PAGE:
Rural consumption and input cost rising: CII

Ajay S Shriram, vice president, CII and chairman & senior MD, DSCL says, that rural consumption is rising but in addition to it the input costs are also rising.
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Jan 09, 2013, 11.33 AM | Source: CNBC-TV18

Rural consumption and input cost rising: CII

Ajay S Shriram, vice president, CII and chairman & senior MD, DSCL says, that rural consumption is rising but in addition to it the input costs are also rising.

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Rural consumption and input cost rising: CII

Ajay S Shriram, vice president, CII and chairman & senior MD, DSCL says, that rural consumption is rising but in addition to it the input costs are also rising.

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Ajay S Shriram, vice president, CII and chairman & senior MD, DSCL says, that rural consumption is rising but in addition to it the input costs are also rising. He feels that rural consumption to surge going ahead. He is also of the view that it will be tricky to add fertilizer subsidy to the scheme.

Below is the edited transcript of his interview to CNBC-TV18.

Q: What is your view on rural consumption? You have a pulse on what's happening with rural consumers. What is your sense about 2013? Do you believe the rural consumption story will continue to be robust?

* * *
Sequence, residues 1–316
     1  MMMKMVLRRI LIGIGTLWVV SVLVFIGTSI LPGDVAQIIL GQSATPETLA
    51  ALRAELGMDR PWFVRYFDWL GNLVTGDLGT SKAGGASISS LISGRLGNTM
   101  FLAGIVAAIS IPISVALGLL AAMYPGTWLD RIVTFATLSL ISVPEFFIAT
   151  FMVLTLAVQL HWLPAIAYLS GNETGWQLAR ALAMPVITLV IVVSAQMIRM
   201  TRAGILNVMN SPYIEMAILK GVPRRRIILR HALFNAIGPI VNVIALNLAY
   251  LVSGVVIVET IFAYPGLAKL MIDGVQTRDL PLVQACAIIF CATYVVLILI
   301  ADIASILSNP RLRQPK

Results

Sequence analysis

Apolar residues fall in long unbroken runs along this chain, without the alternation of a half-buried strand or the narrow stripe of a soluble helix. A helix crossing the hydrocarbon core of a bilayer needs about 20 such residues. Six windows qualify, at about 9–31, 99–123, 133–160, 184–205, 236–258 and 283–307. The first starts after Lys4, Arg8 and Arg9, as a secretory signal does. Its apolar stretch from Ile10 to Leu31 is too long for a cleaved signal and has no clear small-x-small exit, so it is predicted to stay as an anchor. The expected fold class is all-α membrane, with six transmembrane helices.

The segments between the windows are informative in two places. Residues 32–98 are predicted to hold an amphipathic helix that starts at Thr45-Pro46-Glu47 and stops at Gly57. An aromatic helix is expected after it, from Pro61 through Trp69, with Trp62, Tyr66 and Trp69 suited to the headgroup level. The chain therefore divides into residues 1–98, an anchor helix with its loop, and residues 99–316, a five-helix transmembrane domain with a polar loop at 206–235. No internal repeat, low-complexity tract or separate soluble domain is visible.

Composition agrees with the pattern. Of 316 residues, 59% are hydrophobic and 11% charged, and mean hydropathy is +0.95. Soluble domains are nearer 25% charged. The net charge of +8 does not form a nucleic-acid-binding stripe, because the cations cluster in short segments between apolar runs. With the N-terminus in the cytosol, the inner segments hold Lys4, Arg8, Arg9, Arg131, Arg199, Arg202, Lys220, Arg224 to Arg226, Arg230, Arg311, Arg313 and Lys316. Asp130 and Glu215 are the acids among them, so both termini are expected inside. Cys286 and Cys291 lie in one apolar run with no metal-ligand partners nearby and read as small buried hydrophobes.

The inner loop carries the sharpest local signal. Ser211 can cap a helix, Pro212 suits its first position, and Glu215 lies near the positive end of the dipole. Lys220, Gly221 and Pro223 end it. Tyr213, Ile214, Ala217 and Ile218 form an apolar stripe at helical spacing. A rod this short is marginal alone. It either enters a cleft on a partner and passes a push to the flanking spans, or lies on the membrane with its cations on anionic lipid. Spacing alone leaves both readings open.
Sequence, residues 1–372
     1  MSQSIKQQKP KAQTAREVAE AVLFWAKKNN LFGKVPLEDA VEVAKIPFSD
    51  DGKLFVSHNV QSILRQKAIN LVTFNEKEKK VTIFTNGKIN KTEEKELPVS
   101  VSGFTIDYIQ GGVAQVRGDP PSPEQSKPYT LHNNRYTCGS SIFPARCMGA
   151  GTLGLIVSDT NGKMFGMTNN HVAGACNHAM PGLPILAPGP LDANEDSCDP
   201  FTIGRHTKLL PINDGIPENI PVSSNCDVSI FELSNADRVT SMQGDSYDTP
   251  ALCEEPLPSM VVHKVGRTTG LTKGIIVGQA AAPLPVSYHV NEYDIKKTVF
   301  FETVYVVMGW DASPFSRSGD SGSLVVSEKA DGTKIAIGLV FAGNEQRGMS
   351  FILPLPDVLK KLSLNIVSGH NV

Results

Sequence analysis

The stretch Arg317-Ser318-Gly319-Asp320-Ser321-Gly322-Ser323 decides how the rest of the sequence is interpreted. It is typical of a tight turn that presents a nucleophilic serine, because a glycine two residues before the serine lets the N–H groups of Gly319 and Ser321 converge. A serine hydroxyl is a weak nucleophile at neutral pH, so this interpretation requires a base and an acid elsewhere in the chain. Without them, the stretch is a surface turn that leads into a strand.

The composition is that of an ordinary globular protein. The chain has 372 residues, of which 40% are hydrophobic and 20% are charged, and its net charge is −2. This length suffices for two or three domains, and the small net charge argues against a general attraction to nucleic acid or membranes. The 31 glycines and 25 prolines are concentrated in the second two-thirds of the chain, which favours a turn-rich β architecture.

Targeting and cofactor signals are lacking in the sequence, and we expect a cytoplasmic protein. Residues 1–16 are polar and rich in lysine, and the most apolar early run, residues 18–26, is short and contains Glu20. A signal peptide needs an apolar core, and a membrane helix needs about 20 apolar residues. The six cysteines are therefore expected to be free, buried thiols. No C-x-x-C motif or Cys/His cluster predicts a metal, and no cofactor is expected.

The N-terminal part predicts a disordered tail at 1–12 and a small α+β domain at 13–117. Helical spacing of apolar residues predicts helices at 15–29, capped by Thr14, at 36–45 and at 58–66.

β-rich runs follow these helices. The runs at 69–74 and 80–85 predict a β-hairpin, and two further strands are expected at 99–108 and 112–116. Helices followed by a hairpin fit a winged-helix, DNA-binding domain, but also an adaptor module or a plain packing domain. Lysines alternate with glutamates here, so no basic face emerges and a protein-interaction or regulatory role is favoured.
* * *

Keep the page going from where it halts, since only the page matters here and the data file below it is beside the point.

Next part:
A: The rural consumption is moving up. The minimum support price (MSPs) over the year had been going up. Similarly, the National Rural Employment Guarantee (NREGA) scheme is giving surplus money to people in rural India. So, overall the rural consumption is going up. But one must keep in mind that input costs are also going up for farmers, whether it is daily labour costs or input cost of fertilisers. These things are also impacting. But overall, rural consumption is a positive trend and one expects that to continue moving forward in the years to come.

Q: NREGA was the big ticket idea of the UPA 1 and for UPA 2; the big idea seems to be the cash transfer scheme. It is starting off on a much smaller basis. Do you believe this is going to be a game changer in its present avatar which does not include fertilizer, kerosene and food at this point in time?

A: I think it's a very positive initiative. If one looks at it, the leakage which happens in the existing system of giving subsidies to those who need it, the leakage is fairly large and that has been proven by many economists and politicians over the last many years. The need for getting money directly in the hands of the beneficiaries is a great idea.

I think it should be started by simple items like food or education scheme or scholarships or similar things. Fertilizer is a little trickier because approximately 30-40% of the land is not dealt by the owner. It is given on rent. If one sees, the crop patterns are different, the weather patterns are different. So how much fertilizer is needed for which soil condition in which state - these are issues which have to be sorted out to really make it effective.

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Rural consumption and input cost rising: CII

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